Strategic Business Development & Entrepreneurship

Gies students majoring in Strategic Business Development & Entrepreneurship are leaders, decision makers, and insightful thinkers who aren’t afraid to challenge the status quo. Here those qualities will be supported and encouraged through a curriculum that trains you in the skills you need to develop and manage new businesses, either as independent startups or new business units within existing companies. With a Bachelor of Science in Strategic Business Development & Entrepreneurship through the Department of Business Administration, you will be prepared for a career as an innovator with an existing organization, a manager in a creativity-driven field, or a developer of new business ventures.

Entrepreneurship requires vision, and Gies students are encouraged to be bold as they consider career paths in business development, consulting, private equity, product management, venture capital, and more. Some students may even start their own business while pursuing this major.

Below you will find resources for three paths many SBDE majors pursue:

  • Entrepreunership
  • Business Development
  • Consulting

Entrepreneur Resources

Should I become an Entrepreneur?

Have you ever dreamed of being your own boss, working on your own terms, or having unlimited earning potential?  Becoming an entrepreneur is a life changing decision. Sometimes it just happens naturally and, before you know it, you're an entrepreneur. However most times it requires a deep, possibly life changing self-analysis.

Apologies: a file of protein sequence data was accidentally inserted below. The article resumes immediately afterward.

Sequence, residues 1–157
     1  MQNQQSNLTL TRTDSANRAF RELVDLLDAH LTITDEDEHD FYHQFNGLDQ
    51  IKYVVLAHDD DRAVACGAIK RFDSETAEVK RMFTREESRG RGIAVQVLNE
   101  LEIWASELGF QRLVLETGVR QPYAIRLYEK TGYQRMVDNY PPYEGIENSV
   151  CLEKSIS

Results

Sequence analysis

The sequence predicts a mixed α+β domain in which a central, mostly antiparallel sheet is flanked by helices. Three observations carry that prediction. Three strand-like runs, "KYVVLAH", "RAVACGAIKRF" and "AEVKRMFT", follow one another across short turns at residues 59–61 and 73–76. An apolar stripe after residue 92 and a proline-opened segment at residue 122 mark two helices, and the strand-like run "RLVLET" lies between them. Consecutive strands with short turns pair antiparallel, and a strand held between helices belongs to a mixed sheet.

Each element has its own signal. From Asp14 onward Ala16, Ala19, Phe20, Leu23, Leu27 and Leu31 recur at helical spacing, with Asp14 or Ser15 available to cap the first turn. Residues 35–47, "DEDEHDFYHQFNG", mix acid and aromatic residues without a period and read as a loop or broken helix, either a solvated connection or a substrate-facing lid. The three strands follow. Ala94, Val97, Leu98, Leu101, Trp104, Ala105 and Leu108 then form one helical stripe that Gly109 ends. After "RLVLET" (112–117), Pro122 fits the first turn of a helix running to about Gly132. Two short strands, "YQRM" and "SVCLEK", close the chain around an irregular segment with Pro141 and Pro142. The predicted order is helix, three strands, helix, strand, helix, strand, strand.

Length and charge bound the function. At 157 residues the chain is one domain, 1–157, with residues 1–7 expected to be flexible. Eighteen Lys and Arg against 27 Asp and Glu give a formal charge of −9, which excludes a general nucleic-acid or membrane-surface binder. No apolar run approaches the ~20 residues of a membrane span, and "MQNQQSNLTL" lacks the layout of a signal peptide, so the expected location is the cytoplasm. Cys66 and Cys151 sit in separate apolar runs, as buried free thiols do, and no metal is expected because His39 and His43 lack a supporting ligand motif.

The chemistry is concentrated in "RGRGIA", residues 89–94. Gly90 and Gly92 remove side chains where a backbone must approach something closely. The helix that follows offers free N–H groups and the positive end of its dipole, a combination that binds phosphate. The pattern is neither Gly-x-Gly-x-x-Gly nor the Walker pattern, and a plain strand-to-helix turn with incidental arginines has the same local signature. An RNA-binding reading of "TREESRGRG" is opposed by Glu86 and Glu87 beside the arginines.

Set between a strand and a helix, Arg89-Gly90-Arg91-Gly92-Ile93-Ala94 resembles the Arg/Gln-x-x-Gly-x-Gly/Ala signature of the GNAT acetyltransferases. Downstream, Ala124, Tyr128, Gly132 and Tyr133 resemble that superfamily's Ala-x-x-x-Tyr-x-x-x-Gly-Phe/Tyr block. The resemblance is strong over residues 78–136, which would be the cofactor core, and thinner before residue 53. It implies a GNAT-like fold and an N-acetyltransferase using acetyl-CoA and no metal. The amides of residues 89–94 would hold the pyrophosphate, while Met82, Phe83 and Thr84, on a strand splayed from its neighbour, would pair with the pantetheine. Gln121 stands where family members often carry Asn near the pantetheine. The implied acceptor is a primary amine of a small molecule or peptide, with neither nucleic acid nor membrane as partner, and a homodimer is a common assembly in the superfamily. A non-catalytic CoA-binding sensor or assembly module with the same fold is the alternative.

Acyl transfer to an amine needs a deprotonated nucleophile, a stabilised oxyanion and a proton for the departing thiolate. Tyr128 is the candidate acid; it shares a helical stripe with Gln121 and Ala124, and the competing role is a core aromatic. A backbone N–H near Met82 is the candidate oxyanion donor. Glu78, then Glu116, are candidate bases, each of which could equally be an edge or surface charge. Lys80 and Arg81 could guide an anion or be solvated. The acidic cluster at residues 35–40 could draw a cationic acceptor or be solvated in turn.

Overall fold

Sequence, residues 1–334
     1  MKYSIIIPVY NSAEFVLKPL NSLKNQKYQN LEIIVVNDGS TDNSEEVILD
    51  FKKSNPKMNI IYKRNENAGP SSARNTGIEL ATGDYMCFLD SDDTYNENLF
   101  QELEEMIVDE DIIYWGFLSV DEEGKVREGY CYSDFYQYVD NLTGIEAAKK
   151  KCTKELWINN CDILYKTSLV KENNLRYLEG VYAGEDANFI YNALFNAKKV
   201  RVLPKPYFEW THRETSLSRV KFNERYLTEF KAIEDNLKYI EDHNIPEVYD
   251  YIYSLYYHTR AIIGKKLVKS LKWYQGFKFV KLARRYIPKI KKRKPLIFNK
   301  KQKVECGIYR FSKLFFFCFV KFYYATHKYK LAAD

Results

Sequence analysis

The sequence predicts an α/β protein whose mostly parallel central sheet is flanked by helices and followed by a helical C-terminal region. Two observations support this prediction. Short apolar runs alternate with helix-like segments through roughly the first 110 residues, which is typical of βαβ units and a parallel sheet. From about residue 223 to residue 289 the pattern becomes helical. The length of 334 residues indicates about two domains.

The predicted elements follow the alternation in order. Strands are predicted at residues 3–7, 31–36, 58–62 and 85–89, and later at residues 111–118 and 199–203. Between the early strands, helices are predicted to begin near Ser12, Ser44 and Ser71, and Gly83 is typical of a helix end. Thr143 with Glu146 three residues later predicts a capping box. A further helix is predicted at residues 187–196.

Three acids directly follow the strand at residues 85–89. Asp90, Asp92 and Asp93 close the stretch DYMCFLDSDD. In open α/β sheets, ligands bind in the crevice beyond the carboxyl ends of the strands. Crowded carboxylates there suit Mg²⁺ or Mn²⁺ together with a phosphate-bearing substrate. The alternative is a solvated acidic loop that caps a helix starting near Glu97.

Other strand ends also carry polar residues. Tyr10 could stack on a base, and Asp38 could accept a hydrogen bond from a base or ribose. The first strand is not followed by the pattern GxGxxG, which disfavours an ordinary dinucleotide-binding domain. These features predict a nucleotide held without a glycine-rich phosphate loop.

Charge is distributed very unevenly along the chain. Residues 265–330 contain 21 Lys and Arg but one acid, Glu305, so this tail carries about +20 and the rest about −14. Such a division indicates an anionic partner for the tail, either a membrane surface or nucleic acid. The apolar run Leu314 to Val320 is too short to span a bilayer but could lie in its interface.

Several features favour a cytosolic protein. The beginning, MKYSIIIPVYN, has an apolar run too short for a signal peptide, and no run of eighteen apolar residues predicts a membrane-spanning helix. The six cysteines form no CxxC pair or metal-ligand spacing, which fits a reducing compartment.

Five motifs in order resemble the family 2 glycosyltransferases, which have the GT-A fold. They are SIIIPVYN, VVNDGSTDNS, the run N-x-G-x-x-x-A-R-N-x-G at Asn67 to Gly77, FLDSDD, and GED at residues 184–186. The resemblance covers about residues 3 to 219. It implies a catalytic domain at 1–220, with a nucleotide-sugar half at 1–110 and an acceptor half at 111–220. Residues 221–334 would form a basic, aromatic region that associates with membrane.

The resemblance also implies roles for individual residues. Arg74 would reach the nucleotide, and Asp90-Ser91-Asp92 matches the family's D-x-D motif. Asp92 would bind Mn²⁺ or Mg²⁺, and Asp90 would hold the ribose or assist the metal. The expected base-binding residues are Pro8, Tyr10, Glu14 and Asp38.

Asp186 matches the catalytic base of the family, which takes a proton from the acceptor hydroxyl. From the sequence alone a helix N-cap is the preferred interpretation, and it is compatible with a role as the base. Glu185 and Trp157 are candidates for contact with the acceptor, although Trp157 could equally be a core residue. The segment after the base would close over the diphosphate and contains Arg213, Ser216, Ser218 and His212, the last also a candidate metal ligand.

Join the iVenture Accelerator: the educational accelerator for top student startups

25 Essential Entrepreneur Resources

When you're starting a business, where do you go to get the help, advice and tools you need? There are plenty of resources out there -- so many, in fact, that you might have trouble sorting through them all. We cut through the clutter, selecting 25 essential resources for startup small-business owners.

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Entrepreneurship Resources, Advice and How-To's

From determining whether or not entrepreneurship is really right for you, to uncovering your strongest passions, finding the right type of business for your skill sets and learning how to help solve meaningful problems for your audience, there's a lot to learn.

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The Entrepreneur’s Handbook: 120 Great Tools and Resources for Entrepreneurs and Startups

Whether you are starting a new business or scaling your business to new heights, these are some of the most useful entrepreneur resources you will ever need.

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1871

1871 exists to inspire, equip, and support founders, growth scalers and innovators building extraordinary businesses.